Although the ancient cartographers were generally working from limited information, and one could argue that Tolkien's view of Arda was omniscient ...

Storm clouds


Aug 9 2017, 10:51am

Post #7 of 12 (1170 views)
That's true. [In reply to] Can't Post

one could argue that Tolkien's view of Arda was omniscient ...

It would be hard to argue that Tolkien wasn't omniscient about Arda, since all of it came out of his own head... Cool

But he doesn't write his stories from an "omniscient" point of view - in LotR we generally see only through the eyes of the hobbits (with some exceptions, it's true, for which Tolkien reserves his get-out clause “supplemented by the accounts of their friends and the learning of the Wise”). It's a story of a lost, ancient world, told from the perspective of the people who lived in that world. And the Silmarillion comes across as a collection of their myths or beliefs, not as "history" is it's defined today - the standards of scientific evidence that modern history expects just don't apply. I think it's reasonable to assume that the maps too are meant to reflect this very different way of seeing the world, and that modern geology has no place in it, any more than modern genetics, psychology or physics do.

Although I recall reading that it was his son Christopher who made the maps, so maybe someone should ask him about this...


They went in, and Sam shut the door.
But even as he did so, he heard suddenly,
deep and unstilled,
the sigh and murmur of the Sea upon the shores of Middle-earth.
From the unpublished Epilogue to the Lord of the Rings

Grey Havens

Aug 9 2017, 11:34am

Post #8 of 12 (1166 views)
Interesting [In reply to] Can't Post

Thanks for the link

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Aug 9 2017, 1:25pm

Post #9 of 12 (1171 views)
One does wonder... [In reply to] Can't Post

...how many of the seeming geological anomalies can be easily explained by The Bending of the World.

I eagerly look forward to the good Mr. Acks' analysis of tectonic plate movement in a flat world.

The audacious proposal stirred his heart. And the stirring became a song, and it mingled with the songs of Gil-galad and Celebrian, and with those of Feanor and Fingon. The song-weaving created a larger song, and then another, until suddenly it was as if a long forgotten memory woke and for one breathtaking moment the Music of the Ainur revealed itself in all glory. He opened his lips to sing and share this song. Then he realized that the others would not understand. Not even Mithrandir given his current state of mind. So he smiled and simply said "A diversion.”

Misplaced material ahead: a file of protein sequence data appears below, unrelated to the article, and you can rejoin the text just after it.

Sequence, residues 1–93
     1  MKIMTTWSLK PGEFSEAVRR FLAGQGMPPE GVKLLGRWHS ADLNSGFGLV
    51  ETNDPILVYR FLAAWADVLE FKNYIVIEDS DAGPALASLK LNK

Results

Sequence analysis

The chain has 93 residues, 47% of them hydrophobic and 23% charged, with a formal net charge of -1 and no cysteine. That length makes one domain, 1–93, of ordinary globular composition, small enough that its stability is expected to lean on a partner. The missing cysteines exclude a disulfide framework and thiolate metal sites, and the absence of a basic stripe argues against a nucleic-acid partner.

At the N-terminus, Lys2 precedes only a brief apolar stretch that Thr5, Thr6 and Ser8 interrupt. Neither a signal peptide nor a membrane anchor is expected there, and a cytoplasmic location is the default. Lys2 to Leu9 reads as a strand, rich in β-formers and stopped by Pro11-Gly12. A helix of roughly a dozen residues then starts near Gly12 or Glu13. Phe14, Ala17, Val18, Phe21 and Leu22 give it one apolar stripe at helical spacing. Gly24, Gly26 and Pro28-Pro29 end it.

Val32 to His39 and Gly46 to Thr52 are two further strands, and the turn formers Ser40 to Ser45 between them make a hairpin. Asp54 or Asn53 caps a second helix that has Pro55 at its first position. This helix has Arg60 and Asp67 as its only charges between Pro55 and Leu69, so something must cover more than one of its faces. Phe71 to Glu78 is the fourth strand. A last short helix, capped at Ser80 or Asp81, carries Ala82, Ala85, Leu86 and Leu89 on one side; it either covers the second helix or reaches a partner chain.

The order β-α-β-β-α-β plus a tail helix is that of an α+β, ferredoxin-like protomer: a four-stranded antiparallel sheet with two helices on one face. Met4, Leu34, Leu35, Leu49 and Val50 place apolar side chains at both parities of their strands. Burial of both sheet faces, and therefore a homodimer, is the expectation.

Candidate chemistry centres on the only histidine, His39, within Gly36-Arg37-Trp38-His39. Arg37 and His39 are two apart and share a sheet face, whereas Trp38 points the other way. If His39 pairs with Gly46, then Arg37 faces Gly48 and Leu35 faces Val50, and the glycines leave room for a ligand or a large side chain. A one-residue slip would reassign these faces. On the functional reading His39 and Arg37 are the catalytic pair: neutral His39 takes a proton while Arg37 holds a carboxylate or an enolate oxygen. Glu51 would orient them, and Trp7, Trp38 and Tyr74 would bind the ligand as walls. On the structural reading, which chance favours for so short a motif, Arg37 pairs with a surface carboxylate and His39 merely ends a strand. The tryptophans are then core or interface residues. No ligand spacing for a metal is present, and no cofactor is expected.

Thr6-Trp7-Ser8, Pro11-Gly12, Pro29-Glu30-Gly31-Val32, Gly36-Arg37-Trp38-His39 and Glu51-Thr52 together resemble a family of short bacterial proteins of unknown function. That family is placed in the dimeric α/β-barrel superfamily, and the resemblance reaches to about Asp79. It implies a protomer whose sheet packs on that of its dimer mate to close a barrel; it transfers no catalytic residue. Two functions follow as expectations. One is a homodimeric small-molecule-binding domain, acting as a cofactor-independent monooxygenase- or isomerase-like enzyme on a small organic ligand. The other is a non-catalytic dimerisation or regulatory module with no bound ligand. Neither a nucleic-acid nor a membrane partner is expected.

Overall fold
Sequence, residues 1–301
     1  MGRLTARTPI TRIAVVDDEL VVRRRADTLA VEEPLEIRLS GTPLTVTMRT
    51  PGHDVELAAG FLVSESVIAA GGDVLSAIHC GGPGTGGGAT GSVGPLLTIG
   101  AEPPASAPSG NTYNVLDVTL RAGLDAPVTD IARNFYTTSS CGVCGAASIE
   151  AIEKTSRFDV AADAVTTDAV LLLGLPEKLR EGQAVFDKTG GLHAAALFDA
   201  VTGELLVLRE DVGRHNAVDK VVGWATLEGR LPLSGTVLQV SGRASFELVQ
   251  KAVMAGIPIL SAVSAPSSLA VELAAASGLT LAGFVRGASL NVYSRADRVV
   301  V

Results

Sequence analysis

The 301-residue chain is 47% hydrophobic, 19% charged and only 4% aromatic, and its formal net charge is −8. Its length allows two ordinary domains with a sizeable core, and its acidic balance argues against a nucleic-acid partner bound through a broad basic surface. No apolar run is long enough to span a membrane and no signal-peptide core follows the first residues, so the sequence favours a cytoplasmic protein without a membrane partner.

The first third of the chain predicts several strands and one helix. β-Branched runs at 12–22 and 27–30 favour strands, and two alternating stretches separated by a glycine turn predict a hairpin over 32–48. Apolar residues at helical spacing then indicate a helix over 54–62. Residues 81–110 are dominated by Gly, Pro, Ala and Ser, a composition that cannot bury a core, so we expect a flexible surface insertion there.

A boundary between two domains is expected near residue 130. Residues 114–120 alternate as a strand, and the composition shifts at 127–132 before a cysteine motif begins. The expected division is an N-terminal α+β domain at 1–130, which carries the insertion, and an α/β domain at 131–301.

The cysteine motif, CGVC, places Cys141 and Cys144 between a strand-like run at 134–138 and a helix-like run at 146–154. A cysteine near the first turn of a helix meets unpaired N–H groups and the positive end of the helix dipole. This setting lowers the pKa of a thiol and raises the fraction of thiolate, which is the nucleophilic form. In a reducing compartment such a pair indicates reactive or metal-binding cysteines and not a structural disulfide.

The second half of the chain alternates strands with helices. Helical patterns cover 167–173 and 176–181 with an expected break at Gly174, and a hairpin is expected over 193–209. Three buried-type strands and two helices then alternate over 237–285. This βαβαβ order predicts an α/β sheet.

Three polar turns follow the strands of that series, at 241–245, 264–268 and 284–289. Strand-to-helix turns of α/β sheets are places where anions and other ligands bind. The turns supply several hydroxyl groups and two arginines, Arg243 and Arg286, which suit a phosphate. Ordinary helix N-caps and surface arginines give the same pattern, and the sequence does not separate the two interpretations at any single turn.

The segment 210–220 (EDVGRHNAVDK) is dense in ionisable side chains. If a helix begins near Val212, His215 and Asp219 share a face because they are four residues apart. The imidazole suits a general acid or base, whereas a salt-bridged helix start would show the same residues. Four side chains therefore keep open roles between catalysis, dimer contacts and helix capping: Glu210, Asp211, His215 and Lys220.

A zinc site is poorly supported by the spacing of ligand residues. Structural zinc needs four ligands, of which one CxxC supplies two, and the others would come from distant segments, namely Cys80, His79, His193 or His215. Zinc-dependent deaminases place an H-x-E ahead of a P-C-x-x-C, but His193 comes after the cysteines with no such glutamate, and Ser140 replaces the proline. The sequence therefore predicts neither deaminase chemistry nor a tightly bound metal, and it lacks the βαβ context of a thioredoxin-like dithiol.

Eowyn of Penns Woods

Aug 10 2017, 1:26am

Post #10 of 12 (1105 views)
I remember the boxy mountain range thing coming up in the Reading Room [In reply to] Can't Post

and I still like the Mordor-ish old map that I posted over there.

The best I could come up with is this map from Johann Jakob Scheuchzer's 1723 Ouresiphoites Helveticus, sive Itinera Alpina per Helvetiae alpinas regiones facta annis (1702-1711) volumes:


I know, Switzerland again. =)

If that's how some mountain ranges seemed to the map-makers of old, I'm okay with Tolkien's fictional Mountains of Mordor.


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Certified Curmudgeon
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NARF: NWtS Chapter Member since June 17,2011

Forum Admin / Moderator

Aug 10 2017, 1:37am

Post #11 of 12 (1099 views)
Fascinating! [In reply to] Can't Post

Take out the middle, turn it on its side, and it does resemble the mountains surrounding Mordor!

Personally, I've thought Mordor's outline looked like that of a bloated tick...Tongue


"I desired dragons with a profound desire"

Greenwood Hobbit
Grey Havens

Aug 10 2017, 10:04pm

Post #12 of 12 (1040 views)
Interesting and entertaining article [In reply to] Can't Post

with points well-argued, but much may be forgiven the man who created Middle Earth, even if the mountains and rivers don't obey what now appear to be the rules...